April 5, 2021
In a leading step to promote player health and safety, Major League Soccer announced Monday the league will take part in a pilot program to trial the implementation of concussion substitutes.
The pilot program was approved and allowed by the International Football Association Board (IFAB) and FIFA, which sets the rules for the global game.
It’s a program MLS wanted to be at the forefront of.
“We’ve always prioritized player health and safety,” Jeff Agoos, MLS Senior Vice President, Competition, Medical Administration, told MLSsoccer.com. “We’ve been trying to implement some version of this for a long period of time, it’s been about whether we could align with the governing bodies to implement this protocol. This year, IFAB and FIFA have allowed a trial opportunity for Major League Soccer to implement a concussion substitute program. we’re very excited and happy about this opportunity.”
The trial program will allow clubs up to two additional concussion substitutes. These substitutes fall outside of each side’s five available substitutes over three windows, meaning a concussion substitute wouldn’t count against either the normal changes nor one of the three windows.
Medical professionals at the game will follow protocols set forth by the league when assessing for a possible concussion. This includes the medical staff and the Venue Medical Director. Additionally, there will be health professionals monitoring the match broadcast as “spotters” who can provide video to the medical officials to help reach a conclusion.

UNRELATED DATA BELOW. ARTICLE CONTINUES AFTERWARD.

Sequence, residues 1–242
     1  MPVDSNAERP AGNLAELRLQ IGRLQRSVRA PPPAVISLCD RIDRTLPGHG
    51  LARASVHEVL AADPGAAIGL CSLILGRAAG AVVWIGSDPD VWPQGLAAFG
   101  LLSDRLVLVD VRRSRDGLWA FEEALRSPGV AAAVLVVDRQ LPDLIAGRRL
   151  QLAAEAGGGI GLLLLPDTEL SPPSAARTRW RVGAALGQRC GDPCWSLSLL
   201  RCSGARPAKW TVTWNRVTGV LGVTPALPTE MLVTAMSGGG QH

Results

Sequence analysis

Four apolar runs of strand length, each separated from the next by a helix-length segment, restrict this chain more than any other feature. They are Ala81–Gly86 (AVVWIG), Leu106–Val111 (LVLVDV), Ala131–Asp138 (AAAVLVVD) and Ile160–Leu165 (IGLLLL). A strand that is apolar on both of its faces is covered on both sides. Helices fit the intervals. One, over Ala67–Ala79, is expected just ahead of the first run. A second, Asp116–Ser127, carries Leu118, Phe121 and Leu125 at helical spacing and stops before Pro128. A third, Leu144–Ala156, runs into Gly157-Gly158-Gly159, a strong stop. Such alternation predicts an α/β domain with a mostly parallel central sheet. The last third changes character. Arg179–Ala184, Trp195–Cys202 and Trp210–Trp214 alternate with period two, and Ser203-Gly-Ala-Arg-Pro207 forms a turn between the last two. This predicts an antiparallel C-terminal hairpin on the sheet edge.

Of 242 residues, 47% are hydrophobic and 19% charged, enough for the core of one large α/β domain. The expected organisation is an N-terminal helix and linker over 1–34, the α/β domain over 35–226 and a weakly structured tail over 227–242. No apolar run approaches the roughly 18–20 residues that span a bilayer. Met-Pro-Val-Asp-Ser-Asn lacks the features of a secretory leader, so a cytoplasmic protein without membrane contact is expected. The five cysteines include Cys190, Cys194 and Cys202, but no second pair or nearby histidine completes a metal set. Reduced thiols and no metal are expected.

If a team uses a concussion substitute, then the opposition will be permitted an extra substitute of their own.
“We believe it reduces competitive pressures, which forces the prioritization of the health and safety of the player above everything else,” Agoos said.
Just as the league was among the first adapters of video replay in soccer, they hope to have the same impact on this front.
“The reason for the trial is to see where there are any issues will manifest through the year, but we’re hopeful that this will be a very successful trial,” Agoos said. “We have resources allocated and strong support from ownership, clubs, coaching staffs and player association to support this process. We really think that overall it’ll be a really important and hopefully successful initiative.”
One successful trial that is continuing in 2021 is the number of subs available to MLS teams. Just as in the pandemic-shortened 2020 season, clubs will be allowed to make five substitutes over three windows.
“There are a number of reasons, mostly competitive but also medical-related,” Agoos said. “COVID-related and injury-related. It’s not about the number of subs, it’s about the substitute opportunities. … That doesn’t change. Teams will still have three substitution opportunities. Based on travel, based on COVID, based on injury rates, we believed the allowance of five substitutes created more benefit for our coaches, players and clubs.”
MLS will wait for the governing bodies to decide if extra substitutes are something worth continuing in the future and will continue to have conversations about.
“We have ongoing discussions at the end of every year, but it’s really about what IFAB and FIFA allow,” Agoos said. “This was a trial which became part of the laws this year, but if they eliminate, we’d have to adhere to those policies. But if they were to keep the same protocols, we’d have conversations in the offseason if we wanted to keep this procedure. What I’d say is, it’s widely supported by our clubs, both competitively and medically. We’ve had great feedback from the ability to move above and beyond the normal three substitutions.”